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Lateral view of a Female Hexagenia limbata (Ephemeridae) (Hex) Mayfly Dun from the Namekagon River in Wisconsin
Hex Mayflies
Hexagenia limbata

The famous nocturnal Hex hatch of the Midwest (and a few other lucky locations) stirs to the surface mythically large brown trout that only touch streamers for the rest of the year.

Lateral view of a Female Sweltsa borealis (Chloroperlidae) (Boreal Sallfly) Stonefly Adult from Harris Creek in Washington
I was not fishing, but happened to be at an unrelated social event on a hill above this tiny creek (which I never even saw) when this stonefly flew by me. I assume it came from there. Some key characteristics are tricky to follow, but process of elimination ultimately led me to Sweltsa borealis. It is reassuringly similar to this specimen posted by Bob Newell years ago. It is also so strikingly similar to this nymph from the same river system that I'm comfortable identifying that nymph from this adult. I was especially pleased with the closeup photo of four mites parasitizing this one.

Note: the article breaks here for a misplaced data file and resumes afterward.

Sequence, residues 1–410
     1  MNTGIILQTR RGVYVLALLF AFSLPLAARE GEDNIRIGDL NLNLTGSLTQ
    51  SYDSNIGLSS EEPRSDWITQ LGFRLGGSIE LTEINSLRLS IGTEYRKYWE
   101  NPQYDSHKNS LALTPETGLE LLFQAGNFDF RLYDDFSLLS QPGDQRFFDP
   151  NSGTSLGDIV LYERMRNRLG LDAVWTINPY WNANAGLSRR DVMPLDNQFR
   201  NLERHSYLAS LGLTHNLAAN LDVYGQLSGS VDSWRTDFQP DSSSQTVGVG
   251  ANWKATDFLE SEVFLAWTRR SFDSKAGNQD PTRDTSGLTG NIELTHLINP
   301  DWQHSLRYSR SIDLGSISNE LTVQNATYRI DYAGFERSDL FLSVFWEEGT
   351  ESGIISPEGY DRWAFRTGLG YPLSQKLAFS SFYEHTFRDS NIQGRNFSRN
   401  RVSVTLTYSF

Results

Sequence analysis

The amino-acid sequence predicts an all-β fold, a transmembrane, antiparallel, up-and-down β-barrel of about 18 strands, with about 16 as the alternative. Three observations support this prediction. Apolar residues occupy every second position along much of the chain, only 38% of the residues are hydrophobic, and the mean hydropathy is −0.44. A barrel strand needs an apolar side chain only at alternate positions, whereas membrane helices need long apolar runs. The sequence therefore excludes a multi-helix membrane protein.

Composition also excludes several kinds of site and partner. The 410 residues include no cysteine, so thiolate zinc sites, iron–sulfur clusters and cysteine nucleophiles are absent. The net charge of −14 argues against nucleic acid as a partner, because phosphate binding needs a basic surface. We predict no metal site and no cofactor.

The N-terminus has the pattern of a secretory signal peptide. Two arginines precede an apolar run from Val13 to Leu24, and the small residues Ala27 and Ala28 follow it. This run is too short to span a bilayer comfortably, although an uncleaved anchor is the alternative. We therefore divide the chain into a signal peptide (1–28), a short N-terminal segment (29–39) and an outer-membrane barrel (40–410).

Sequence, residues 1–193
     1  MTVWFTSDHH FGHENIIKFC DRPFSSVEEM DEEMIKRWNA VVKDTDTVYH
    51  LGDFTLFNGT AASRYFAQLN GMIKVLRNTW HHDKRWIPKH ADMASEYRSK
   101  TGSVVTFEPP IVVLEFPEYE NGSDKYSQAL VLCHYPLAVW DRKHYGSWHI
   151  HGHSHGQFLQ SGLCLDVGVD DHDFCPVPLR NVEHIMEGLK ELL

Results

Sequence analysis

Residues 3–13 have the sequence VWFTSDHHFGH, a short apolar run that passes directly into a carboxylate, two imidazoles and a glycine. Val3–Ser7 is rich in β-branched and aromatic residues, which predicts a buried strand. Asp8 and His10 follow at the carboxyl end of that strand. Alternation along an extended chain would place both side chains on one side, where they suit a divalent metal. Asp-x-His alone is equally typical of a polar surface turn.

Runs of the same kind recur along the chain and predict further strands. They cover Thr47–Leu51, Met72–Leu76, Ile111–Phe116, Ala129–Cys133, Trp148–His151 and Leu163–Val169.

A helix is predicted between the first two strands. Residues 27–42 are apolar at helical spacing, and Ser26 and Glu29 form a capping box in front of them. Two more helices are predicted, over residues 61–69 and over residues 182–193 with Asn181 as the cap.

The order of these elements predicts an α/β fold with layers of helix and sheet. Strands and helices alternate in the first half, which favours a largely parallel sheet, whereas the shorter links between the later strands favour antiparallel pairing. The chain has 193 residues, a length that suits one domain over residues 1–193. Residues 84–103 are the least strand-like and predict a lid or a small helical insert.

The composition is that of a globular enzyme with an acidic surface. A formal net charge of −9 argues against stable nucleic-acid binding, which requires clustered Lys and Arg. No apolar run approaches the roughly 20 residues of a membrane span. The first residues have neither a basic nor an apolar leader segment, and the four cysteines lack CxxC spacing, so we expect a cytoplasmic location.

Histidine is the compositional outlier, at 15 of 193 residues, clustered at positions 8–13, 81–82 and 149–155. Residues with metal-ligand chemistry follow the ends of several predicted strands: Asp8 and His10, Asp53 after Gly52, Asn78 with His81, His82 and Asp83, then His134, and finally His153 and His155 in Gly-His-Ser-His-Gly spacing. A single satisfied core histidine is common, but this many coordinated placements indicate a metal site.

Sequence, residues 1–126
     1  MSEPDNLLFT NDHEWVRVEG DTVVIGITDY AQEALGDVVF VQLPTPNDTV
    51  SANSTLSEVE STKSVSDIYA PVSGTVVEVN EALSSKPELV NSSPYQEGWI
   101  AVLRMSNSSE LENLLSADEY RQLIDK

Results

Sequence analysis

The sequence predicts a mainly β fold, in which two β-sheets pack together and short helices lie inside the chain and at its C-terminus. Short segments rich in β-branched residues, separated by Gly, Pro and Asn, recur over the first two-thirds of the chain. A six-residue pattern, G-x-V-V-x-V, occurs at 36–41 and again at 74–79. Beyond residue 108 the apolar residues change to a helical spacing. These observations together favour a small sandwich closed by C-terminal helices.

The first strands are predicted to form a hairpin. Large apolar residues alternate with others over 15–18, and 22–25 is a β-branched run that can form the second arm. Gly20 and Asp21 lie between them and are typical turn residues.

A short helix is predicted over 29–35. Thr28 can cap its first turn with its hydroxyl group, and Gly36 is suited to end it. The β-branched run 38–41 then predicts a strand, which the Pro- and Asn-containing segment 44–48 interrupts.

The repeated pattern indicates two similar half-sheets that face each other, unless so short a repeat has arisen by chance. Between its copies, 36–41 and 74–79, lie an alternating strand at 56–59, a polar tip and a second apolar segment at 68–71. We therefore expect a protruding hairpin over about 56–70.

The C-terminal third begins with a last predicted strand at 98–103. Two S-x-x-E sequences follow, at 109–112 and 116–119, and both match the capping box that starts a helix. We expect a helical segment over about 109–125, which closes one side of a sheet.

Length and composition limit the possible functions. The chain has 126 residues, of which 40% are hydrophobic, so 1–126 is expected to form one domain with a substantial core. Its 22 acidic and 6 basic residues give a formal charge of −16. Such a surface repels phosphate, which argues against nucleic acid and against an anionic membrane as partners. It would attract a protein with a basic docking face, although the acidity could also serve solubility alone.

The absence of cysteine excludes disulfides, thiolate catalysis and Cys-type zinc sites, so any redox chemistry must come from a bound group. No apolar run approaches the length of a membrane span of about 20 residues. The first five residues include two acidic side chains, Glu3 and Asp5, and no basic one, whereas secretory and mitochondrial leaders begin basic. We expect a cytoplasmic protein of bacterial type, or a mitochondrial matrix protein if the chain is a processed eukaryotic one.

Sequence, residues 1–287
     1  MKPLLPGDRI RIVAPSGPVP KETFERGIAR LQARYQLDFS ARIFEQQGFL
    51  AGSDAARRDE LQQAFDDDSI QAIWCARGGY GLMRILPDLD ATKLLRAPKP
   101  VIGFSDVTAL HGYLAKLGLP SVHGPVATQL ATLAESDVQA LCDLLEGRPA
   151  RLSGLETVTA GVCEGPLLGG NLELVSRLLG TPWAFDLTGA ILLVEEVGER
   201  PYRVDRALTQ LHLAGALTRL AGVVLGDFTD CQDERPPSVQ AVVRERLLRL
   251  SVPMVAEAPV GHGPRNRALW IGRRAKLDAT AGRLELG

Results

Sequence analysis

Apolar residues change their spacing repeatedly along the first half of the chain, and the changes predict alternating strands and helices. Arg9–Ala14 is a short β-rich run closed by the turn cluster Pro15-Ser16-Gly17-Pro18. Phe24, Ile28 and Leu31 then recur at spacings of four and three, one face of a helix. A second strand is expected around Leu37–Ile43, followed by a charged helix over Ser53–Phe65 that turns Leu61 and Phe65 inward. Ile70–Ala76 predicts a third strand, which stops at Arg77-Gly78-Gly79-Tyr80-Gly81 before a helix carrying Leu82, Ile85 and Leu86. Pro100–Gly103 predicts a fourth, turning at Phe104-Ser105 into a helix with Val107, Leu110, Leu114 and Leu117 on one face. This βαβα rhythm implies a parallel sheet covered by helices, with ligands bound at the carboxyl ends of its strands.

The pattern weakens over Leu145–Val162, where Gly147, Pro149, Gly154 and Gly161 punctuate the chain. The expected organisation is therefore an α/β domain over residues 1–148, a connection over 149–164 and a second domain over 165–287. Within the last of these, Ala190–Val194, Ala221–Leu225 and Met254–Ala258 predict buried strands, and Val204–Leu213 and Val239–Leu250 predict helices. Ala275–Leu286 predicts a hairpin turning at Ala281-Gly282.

27" brown trout, my largest ever. It was the sub-dominant fish in its pool. After this, I hooked the bigger one, but I couldn't land it.
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Booger Sulphurs

This name is used in parts of Wisconsin to describe species nearly identical in form and behavior to yellow "Sulphurs" like Ephemerella invaria, but with a distinct green color.


This common name refers to only one species. Click its scientific name to learn more.

Mayfly Species Attenella attenuata

These are sometimes called Booger Sulphurs.
This intriguing species has received a lot of attention in past angling books. Recent authors suspect that much of this credit was a case of mistaken identity, with Attenella attenuata receiving praise for the hatches of Drunella lata and Dannella simplex. Much of the credit was legitimate and accurate, but this species is no longer thought to be on par with its most popular cousins in Ephemerella and Drunella.

I have several specimens listed under this species, but I'm not positive the identification is correct.
Lateral view of a Female Attenella attenuata (Ephemerellidae) (Blue-Winged Olive) Mayfly Dun from the Namekagon River in Wisconsin
This specimen came from the same hatch as a male.

Booger Sulphurs

Scientific Name
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